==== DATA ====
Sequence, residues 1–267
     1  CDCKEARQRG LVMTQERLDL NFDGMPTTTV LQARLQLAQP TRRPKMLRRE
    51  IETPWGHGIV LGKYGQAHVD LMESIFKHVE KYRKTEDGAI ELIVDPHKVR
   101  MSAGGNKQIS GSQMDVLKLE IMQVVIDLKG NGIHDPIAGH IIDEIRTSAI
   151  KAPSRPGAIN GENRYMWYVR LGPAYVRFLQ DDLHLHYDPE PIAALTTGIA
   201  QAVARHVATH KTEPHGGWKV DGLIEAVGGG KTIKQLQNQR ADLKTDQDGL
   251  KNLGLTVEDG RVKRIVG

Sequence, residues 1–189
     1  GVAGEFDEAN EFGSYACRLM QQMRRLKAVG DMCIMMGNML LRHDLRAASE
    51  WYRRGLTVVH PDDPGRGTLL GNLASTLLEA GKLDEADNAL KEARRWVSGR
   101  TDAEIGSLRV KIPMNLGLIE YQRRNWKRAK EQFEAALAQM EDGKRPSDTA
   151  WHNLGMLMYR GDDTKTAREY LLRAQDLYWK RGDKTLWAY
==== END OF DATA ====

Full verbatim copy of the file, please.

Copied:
Sequence, residues 1–267
     1  CDCKEARQRG LVMTQERLDL NFDGMPTTTV LQARLQLAQP TRRPKMLRRE
    51  IETPWGHGIV LGKYGQAHVD LMESIFKHVE KYRKTEDGAI ELIVDPHKVR
   101  MSAGGNKQIS GSQMDVLKLE IMQVVIDLKG NGIHDPIAGH IIDEIRTSAI
   151  KAPSRPGAIN GENRYMWYVR LGPAYVRFLQ DDLHLHYDPE PIAALTTGIA
   201  QAVARHVATH KTEPHGGWKV DGLIEAVGGG KTIKQLQNQR ADLKTDQDGL
   251  KNLGLTVEDG RVKRIVG

Sequence, residues 1–189
     1  GVAGEFDEAN EFGSYACRLM QQMRRLKAVG DMCIMMGNML LRHDLRAASE
    51  WYRRGLTVVH PDDPGRGTLL GNLASTLLEA GKLDEADNAL KEARRWVSGR
   101  TDAEIGSLRV KIPMNLGLIE YQRRNWKRAK EQFEAALAQM EDGKRPSDTA
   151  WHNLGMLMYR GDDTKTAREY LLRAQDLYWK RGDKTLWAY